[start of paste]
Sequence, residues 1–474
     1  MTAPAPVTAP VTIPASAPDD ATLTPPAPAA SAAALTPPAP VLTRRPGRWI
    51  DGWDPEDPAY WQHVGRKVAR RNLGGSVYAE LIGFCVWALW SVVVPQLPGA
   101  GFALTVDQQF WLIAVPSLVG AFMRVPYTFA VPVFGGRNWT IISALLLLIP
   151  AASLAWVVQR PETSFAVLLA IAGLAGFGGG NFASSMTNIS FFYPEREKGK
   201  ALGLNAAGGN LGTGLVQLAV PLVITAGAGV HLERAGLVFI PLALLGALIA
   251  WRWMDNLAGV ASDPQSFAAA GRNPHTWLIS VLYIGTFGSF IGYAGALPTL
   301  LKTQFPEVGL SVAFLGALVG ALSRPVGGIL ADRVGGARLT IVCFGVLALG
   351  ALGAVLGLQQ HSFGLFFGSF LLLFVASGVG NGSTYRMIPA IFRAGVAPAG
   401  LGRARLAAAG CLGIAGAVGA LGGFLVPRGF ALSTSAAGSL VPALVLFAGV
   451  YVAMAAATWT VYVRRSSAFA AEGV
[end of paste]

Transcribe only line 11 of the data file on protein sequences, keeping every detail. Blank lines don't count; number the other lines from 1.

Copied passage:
   451  YVAMAAATWT VYVRRSSAFA AEGV